History of Political Thought: Modern

Spring 2021
TuTh 12:30-2pm
Course Description

This course introduces some key works and ideas in modern political thought. The material is presented more or less chronologically in the form of six modules: (1) the French Revolution; (2) the division of labour and representation; (3) responses to capitalism and slavery; (4) Kultur and its discontents; (5) the Russian Revolution; and (6) interwar and postwar politics. While the list of authors we’ll read is long and varied (including geographically), excerpts will be short, and the instructor will provide all necessary context. There are no prerequisites, and in the hope of providing some fascinating mental fodder for anyone interested in politics today, newcomers to the world of political theory are very welcome.

Course objectives: familiarity with a wide variety of interesting and important texts in modern political thought, their contexts, and the relations among them; ability to analyze some of those texts closely and to discuss how they fit into the bigger intellectual and historical picture. 

Requirements: Four one-page, single-spaced reading responses (40%); four 15-20 minute one-on-one zoom chats with either your GSI or the instructor (20%); and a final paper, due May 14 (40%). Also, ideally at least one turn in the studio audience (see below), though it’s not required. 

Logistical details: All readings will be prepared by the instructor and posted to bCourses prior to lectures. Lectures will be produced as podcasts, each one featuring some portion of the class as a studio audience (rotating through volunteers). This is because the instructor really enjoys random questions while teaching, finding that they always trigger new thoughts and intellectual excitement. The audience is not expected to master the day’s material in advance; a first read-through of the texts will be fine. At the completion of each hour-long lecture/conversation, the audio recording and chat transcript will be posted to bCourses, as will the instructor’s notes (usually a single page of points not to miss, dates etc; often a bit different from the live lecture).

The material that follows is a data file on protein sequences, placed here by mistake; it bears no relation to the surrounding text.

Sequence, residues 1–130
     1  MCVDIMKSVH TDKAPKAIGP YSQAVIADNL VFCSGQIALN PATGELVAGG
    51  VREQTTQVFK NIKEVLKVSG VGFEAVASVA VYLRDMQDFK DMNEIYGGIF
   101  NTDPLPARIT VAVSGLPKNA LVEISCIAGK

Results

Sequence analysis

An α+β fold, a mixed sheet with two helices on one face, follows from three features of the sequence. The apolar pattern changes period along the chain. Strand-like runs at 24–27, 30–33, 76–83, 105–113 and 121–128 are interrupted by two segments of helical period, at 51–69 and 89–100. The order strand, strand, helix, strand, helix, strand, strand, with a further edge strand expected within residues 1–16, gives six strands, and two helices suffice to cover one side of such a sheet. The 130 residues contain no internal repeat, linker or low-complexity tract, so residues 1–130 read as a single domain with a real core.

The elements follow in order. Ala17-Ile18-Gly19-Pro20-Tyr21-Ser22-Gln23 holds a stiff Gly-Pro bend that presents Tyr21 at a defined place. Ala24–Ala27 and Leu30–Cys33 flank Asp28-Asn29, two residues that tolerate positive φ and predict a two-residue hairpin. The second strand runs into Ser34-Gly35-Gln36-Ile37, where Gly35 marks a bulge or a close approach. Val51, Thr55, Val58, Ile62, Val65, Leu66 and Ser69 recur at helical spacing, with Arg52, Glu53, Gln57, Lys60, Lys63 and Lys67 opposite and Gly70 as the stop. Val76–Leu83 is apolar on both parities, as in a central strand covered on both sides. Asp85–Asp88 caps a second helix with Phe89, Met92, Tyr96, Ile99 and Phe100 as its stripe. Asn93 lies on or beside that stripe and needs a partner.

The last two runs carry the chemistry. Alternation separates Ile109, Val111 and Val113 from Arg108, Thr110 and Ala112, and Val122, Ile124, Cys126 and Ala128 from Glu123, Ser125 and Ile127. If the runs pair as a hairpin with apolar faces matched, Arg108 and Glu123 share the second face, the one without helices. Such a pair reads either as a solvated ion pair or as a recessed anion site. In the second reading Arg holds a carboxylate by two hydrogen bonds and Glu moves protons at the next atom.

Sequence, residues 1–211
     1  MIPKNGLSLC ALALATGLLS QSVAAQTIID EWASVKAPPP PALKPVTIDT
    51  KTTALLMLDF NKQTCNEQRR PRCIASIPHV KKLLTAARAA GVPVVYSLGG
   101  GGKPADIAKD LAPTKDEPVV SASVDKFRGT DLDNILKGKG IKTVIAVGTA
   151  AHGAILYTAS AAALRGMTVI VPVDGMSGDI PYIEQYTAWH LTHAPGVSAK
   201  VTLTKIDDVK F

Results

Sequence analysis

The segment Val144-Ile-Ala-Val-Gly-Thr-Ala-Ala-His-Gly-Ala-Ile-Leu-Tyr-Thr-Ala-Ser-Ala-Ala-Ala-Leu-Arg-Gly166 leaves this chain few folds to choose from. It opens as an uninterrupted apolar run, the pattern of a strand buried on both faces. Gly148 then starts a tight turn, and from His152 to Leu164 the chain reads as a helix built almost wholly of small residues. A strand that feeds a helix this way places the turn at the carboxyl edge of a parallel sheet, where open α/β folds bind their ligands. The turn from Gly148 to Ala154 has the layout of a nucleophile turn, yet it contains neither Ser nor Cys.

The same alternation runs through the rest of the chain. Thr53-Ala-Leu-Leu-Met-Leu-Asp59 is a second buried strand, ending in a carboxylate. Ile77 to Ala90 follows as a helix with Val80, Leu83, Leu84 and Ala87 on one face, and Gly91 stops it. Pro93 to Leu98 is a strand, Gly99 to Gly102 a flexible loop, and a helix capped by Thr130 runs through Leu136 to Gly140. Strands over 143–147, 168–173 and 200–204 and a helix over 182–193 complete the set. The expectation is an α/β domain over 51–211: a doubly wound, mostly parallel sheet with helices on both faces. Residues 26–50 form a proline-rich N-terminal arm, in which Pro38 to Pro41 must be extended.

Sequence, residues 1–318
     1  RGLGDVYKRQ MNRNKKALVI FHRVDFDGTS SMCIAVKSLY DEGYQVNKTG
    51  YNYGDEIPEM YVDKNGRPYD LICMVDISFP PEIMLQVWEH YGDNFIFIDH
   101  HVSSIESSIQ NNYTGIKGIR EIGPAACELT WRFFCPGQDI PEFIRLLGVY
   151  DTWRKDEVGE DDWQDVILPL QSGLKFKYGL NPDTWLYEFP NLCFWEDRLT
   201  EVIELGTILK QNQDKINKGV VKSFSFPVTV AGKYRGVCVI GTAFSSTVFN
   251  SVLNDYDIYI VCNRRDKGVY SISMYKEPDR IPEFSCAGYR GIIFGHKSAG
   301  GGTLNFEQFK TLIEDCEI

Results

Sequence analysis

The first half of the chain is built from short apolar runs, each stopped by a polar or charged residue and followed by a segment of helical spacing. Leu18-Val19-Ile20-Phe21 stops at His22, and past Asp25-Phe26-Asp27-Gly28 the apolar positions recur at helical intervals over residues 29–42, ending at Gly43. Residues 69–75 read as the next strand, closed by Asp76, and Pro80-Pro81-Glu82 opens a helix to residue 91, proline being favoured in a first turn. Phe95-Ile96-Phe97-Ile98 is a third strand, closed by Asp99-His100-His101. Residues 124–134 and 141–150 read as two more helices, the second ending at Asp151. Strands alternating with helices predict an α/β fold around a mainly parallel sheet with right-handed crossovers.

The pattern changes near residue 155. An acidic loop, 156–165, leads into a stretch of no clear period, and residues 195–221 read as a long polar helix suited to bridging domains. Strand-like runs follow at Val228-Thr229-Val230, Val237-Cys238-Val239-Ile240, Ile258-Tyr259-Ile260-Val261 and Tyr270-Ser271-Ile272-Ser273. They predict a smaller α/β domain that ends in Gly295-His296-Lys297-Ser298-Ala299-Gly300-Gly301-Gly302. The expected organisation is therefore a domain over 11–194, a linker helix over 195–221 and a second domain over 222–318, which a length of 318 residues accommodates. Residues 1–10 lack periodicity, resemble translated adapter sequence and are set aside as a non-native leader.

Module 1. Intro and French Revolution

  1. Jan 20. Introduction: Revolutions and Constitutions.

  2. Jan 25. FR1. Rousseau, Sièyés, Declaration of the Rights of Man and Citizen (1789), Constitution of 1791. 

  3. Jan 27. FR2. Burke, More, de Maistre, Paine, Wollstonecraft.

  4. Feb 1. FR3. Babeuf and the Constitutions of 1793 and 1795. 

  5. Feb 3. FR4. L’Ouverture and the Haitian Revolution. 


Module 2. The Division of Labour and Representation

  1. Feb 8. DLR1. Smith, Constant. 

  2. Feb 10. DLR2. Hegel, Tocqueville. 

  3. Feb 15. DLR3. Wollstonecraft, Stanton, Mill. 

  4. Feb 17. DLR4. Chartist petition of 1839, Reform Act 1867, Mill. 


Module 3. Responses to Capitalism and Slavery

  1. Feb 22. RCS1. Marx and Engels. 

  2. Feb 24. RCS2. Marx and Engels, FitzHugh. 

  3. Mar 1. RCS3. Jacobs, Douglass. 

  4. Mar 3. RCS4. DuBois, Washington. 

  5. Mar 8. Pitstop: the Story So Far. Discussion of questions posted in advance. 


Module 4. Kultur and its Discontents

  1. Mar 10. KD1. Nietszche (1887)

  2. Mar 15. KD2. Weber (1905)

  3. Mar 17. KD3. Freud (1929)


Module 5. The Russian Revolution

  1. Mar 29. RR1. Herzen, Marx, Zazulich, Emancipation of the Serfs Act (1861). 

  2. Mar 31. RR2. The 1905 revolution: Bernstein, Luxemburg, Lenin, Trotsky. 

  3. Apr 5. RR3. The 1917 revolutions: Luxemburg, Lenin, Trotsky. 


Module 6. Interwar and Postwar Politics    

  1. Apr 7. IPP1. Pareto, Schmitt. 

  2. Apr 12. IPP2. Schumpeter, Hayek. 

  3. Apr 14. IPP3. Gandhi, Nehru. 

  4. Apr 19. IPP4. Adorno, Horkheimer.

  5. Apr 21. IPP5. Ho Chi Minh, Mao, Guevara, Fanon. 

  6. Apr 26. IPP6. De Beauvoir, Friedan. 

  7. Apr 28. IPP7. SDS-Port Huron Statement and concluding discussion.